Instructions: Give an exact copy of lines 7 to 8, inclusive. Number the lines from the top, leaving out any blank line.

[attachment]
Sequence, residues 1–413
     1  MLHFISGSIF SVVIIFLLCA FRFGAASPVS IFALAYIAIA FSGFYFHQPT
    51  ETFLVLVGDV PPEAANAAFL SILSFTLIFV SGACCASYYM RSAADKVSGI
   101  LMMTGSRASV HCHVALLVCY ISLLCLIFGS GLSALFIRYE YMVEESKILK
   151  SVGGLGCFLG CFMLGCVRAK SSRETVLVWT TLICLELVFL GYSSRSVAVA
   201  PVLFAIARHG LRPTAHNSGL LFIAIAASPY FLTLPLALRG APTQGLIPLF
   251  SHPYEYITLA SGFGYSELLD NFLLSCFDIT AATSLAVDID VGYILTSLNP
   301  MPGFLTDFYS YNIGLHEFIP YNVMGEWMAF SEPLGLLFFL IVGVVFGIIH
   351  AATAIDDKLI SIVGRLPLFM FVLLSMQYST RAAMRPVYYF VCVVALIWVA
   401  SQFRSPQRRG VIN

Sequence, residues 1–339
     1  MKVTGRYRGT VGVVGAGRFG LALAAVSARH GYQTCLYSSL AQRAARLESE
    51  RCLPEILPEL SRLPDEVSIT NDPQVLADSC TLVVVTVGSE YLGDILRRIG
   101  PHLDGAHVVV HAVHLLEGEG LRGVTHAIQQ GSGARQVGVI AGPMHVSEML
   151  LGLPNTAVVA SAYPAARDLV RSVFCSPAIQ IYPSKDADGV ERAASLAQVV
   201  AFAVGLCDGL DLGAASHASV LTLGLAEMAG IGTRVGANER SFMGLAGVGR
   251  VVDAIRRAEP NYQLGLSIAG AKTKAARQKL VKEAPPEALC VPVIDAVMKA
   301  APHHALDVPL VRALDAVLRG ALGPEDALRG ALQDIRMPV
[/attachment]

   251  SHPYEYITLA SGFGYSELLD NFLLSCFDIT AATSLAVDID VGYILTSLNP
   301  MPGFLTDFYS YNIGLHEFIP YNVMGEWMAF SEPLGLLFFL IVGVVFGIIH